Core Web Vitals are measured using field data – data acquired from the Chrome User Experience Database. The output from this database is used to populate the results in Search Console, providing an overview of which pages are underperforming and for which metrics.
In contrast, Lighthouse uses lab data, performance data gathered there and then from your own machine. While this has limitations – with certain core metrics substituted and proxied for others – the output is much more granular.
Run a full site audit
Before you begin issuing site-wide changes, getting under the hood of your website to understand exactly where the pain points is essential.
A full technical and site speed audit will help unearth any outstanding issues and areas for improvement. These findings should align with your benchmarked performance – from there, you can begin to prioritise the next steps, building out your roadmap to better on-page performance.
At VERB, our 360 technical SEO and site-speed audits evaluate performance against the most rigorous on-page standards and includes our latest Core Web Vitals analysis. Get in touch to find out more.
Mobile, mobile, mobile!
It’s all too easy to fall into the trap of reverting to what we feel comfortable with. While desktop is often the interface we’re accustomed to as marketers, the mobile experience is a truer reflection of site usability – and Google knows this.
Starting with mobile-first indexing is 2016, the search engine has slowly moved away from desktop prioritisation. This means, in most cases, the desktop version of your site is ignored, with Google’s ranking criteria evaluated against the mobile version of your site.
The mobile experience dominates Google’s algorithm for good reason – mobile now accounts for over half of all search engine enquiries, with some studies indicating it’s as high as 60%. When over half of your organic traffic is directed to one version on your site, you should be making that version the priority.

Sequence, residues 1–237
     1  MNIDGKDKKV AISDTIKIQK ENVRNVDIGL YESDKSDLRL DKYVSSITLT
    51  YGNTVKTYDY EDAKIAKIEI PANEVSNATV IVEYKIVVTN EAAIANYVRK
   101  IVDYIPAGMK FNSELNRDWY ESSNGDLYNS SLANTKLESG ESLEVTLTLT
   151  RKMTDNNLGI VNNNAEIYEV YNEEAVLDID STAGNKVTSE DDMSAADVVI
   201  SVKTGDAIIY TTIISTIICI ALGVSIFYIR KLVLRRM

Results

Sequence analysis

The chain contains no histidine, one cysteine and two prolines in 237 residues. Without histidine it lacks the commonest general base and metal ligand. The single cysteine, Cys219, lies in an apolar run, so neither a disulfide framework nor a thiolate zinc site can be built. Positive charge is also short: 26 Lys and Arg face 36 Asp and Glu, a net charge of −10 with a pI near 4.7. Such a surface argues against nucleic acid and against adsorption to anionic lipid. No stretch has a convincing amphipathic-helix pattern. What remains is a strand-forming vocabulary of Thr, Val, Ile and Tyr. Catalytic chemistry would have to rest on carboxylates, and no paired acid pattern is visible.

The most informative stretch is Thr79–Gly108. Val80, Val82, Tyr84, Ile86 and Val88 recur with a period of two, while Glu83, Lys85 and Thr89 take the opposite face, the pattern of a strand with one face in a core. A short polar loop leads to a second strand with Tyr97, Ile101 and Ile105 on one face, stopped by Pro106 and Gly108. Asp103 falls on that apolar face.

When running an audit, technical or otherwise, your website’s mobile experience needs to come first.
Focus on quick wins, queue up the rest
Audits have the habit of surfacing a range of issues and potential areas for improvement. Understanding the balance between impact and the amount of time required to fix or improve those areas can be difficult.
Take site speed for example – while some issues often ‘sit on the surface’ of a website (image optimisation, overuse of third-party resources), some can be built into the foundations (removing unused CSS or JS).
While high impact opportunities should be queued up as soon as possible, almost all audits will identify some low-hanging fruit. Starting work on these areas immediately will help you see tangible results from day one.
Don’t forget everything else
While Google’s latest algorithm iteration represents a key milestone, it’s important not to lose sight of the overall goal. Google themselves say it best:
“Provide high-quality content on your pages…This is the single most important thing to do. If your pages contain useful information, their content will attract many visitors and entice webmasters to link to your site. In creating a helpful, information-rich site, write pages that clearly and accurately describe your topic.”
In an organic world with an ever-increasing importance placed on on-page experience, your site’s content still reigns supreme.
It’s easy to get lost in the latest organic trends when hanging on Google’s every word. While the Page Experience Update cannot be ignored, any learnings and actions need to be incorporated into a longer-term SEO strategy.
The new Page Experience update and Core Web Vitals metrics should be playing an influential part in the formation of your organic strategy this year, with a particular focus over the coming months.
Google’s open nature around this update indicates that these new metrics will be taken seriously, with pages that fall below their benchmarks set to suffer in the SERPs.
While Google’s ranking algorithm already evaluates sites against a host of criteria, it’s likely that page experience will only increase in importance as time goes on. Developers and marketers would be wise to use this opportunity to set the wheels of on-page experience in motion.